My mother died of Alzheimer’s in the Philippines after several years. While she lived in Maryland, a cousin took out an insurance policy for her. She agreed, knowing she would only pay $ 50 a month and the rest will be borne by her niece.
Now my cousin is asking for four death certificates and wants me to fill out forms because she believes I am the beneficiary. If she owns the policy, what does that have to do with me? I asked for a copy of the policy because I have no idea what it’s trying to do. Please help.
– Confused daughter
Trust your gut feeling. Don’t give your cousin your mother’s death certificate or any other personal information she asks for.
There are a lot of things that sound sketchy here. The biggest red flag is that your cousin had life insurance for your mother. You can’t just get insurance for everyone. Imagine how vulnerable the system would be to abuse if we could all bet on each other’s lives.
To get life insurance for someone else, you must have an insurable interest in their life, which means that if they died, you would suffer financial loss. It is usually assumed that you have an insurable interest in the life of your spouse or child. You can even have an insurable interest in your ex-spouse’s life if they have been sentenced to pay child support or child support. But a niece is unlikely to have an insurable interest in her aunt’s life unless there are unusual circumstances – for example, they are business associates or your cousin co-signed a loan for your mother.
You also need the person’s consent to take out life insurance. I have to ask myself: did your mother fully understand what she was signing? Or if you’ve only recently discovered this policy, is it possible your cousin forged her signature? It’s also strange that your mother made partial payments when your cousin owned the policy.
It’s pretty incredible that your cousin bought life insurance for your mother out of the pure kindness of her heart. A more realistic explanation would be that they want to pocket most, if not all, of the proceeds.
You can still ask your cousin for a copy of the policy. But don’t be surprised if you are faced with a deluge of excuses and confused explanations. Even if your cousin provided you with the document, I wouldn’t assume it’s legitimate. Contact the insurance company directly to review the policy. You can present the death certificate directly to the insurer if it is genuine. The company can send you any required forms.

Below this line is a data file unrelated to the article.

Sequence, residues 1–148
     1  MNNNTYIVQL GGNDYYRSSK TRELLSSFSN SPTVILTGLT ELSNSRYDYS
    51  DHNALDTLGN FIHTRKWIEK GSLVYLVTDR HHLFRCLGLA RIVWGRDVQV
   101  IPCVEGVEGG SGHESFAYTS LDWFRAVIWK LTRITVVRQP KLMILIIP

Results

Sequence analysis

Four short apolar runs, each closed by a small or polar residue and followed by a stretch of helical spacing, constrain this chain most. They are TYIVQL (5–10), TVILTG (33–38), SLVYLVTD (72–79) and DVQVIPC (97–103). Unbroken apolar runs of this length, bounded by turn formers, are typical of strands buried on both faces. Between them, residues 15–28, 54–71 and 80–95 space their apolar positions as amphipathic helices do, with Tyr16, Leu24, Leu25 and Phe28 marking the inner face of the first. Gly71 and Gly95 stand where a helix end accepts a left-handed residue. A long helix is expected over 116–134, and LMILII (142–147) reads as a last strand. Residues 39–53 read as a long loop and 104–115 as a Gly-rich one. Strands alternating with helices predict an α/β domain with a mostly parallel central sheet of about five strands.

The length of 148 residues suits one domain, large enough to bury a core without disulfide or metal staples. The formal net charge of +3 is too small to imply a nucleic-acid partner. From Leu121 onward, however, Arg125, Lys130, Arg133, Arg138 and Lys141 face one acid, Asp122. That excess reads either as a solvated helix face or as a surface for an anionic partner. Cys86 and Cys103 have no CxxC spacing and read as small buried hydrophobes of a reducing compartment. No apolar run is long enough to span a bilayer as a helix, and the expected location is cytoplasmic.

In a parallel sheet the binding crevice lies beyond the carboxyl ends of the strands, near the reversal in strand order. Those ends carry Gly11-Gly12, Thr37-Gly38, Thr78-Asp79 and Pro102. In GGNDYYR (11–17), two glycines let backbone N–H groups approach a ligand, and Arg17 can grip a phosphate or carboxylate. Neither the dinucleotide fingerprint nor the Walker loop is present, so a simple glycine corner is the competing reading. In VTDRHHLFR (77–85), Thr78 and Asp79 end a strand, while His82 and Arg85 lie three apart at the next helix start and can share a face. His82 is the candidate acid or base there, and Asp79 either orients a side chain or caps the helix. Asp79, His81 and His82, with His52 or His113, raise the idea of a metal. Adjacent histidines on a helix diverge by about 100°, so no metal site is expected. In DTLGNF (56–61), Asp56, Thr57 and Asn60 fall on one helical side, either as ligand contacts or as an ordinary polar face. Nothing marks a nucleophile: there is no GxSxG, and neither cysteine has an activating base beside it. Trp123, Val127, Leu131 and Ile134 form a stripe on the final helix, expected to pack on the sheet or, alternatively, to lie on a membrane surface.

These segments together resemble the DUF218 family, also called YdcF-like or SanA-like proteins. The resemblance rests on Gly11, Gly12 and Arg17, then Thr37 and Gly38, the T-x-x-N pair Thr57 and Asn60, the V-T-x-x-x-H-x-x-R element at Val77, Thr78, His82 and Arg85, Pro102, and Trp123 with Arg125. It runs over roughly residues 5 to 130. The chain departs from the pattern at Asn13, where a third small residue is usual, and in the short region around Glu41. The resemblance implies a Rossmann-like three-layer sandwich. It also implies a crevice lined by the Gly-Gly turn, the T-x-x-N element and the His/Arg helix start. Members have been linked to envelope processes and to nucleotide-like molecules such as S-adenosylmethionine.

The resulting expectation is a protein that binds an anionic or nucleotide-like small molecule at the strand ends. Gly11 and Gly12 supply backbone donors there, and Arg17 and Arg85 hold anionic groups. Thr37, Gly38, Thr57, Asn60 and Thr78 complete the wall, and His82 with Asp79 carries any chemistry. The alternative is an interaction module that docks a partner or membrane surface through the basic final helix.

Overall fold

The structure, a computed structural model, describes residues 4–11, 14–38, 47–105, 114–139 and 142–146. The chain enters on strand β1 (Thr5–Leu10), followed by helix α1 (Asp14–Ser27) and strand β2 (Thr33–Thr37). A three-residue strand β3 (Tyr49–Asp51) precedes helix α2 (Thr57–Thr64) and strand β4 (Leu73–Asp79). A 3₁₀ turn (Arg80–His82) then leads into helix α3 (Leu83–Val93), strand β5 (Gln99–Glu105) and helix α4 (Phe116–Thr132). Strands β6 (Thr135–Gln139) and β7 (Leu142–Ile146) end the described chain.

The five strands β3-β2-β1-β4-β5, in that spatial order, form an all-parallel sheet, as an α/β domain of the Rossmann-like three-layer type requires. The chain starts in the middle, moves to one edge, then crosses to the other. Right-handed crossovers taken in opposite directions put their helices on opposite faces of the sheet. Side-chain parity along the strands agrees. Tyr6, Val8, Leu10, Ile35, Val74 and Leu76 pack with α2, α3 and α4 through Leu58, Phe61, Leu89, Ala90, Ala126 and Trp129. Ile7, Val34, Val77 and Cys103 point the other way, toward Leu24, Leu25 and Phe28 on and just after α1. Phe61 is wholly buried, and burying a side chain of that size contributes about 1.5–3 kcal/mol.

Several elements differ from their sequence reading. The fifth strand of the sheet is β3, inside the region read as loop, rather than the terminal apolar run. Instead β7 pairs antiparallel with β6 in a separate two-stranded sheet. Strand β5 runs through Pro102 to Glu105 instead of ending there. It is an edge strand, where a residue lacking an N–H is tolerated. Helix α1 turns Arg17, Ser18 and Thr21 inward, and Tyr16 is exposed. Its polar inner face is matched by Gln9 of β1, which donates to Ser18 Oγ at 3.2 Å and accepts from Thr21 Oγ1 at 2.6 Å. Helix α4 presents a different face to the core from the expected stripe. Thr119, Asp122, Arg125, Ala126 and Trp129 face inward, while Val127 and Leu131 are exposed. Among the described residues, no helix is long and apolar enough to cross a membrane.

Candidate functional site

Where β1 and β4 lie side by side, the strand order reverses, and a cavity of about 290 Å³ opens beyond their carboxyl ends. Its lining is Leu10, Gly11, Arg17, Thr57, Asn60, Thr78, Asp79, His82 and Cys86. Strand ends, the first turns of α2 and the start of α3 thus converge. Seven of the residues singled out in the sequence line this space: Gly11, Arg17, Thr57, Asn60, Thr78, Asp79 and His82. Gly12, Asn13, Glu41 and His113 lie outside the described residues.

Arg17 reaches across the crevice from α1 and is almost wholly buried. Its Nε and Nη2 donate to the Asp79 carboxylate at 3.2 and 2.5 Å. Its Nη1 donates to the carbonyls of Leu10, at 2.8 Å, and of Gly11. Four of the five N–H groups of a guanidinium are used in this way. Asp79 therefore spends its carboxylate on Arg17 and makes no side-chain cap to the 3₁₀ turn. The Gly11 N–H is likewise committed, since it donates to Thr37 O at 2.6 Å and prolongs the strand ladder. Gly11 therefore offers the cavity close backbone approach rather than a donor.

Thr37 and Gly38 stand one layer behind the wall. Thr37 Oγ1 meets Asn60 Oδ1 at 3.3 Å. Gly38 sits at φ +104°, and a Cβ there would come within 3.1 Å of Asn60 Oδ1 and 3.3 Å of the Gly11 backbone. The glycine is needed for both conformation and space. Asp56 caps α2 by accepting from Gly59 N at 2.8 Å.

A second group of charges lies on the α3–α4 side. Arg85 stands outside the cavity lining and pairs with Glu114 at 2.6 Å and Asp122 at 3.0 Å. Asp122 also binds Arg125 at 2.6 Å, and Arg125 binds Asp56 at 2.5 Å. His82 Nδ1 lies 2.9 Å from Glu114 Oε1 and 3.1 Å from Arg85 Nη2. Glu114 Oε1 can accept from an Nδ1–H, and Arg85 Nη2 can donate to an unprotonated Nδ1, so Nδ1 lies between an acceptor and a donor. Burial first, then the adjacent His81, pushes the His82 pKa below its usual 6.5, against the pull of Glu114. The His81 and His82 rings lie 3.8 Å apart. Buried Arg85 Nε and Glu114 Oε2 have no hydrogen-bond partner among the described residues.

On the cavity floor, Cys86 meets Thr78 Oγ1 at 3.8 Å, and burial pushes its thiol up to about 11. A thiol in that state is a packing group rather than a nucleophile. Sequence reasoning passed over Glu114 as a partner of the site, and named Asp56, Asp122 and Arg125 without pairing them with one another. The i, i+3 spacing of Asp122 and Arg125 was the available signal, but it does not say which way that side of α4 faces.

If your cousin doesn’t cooperate, you can search the National Association of Insurance Commissioners’ online life insurance policy locator. The organization will ask the participating companies to search for policies on your mother’s behalf. When they find a policy and you are the beneficiary, they will give you the details. Your cousin doesn’t need to be involved. Even if you are not a beneficiary, you as your mother’s next of kin are likely entitled to receive this information.
If you believe your cousin had shameful intentions, you should contact your state insurance commissioner. Some people are reluctant to report family members to the authorities. But if you suspect your cousin cheated on your mother, she could easily do the same to others. Older people are particularly vulnerable to being betrayed by people they trust, such as family members. At the very least, you should warn other family members if you think this has happened.
Your cousin likely received information about your mother, such as her social security number, when she received the policy. Unfortunately, there is a risk that the deceased could open fraudulent accounts on their behalf. A smart move would be to contact each of the three credit bureaus to tell them that your mother has died.
I’m sorry you have to deal with all of this on top of losing your mother. But you have every right to be suspicious here. Don’t let anyone, especially your cousin, tell you otherwise.
Robin Hartilll is a certified financial planner and senior writer at The Penny Hoarder. Send your tricky money questions to [email protected].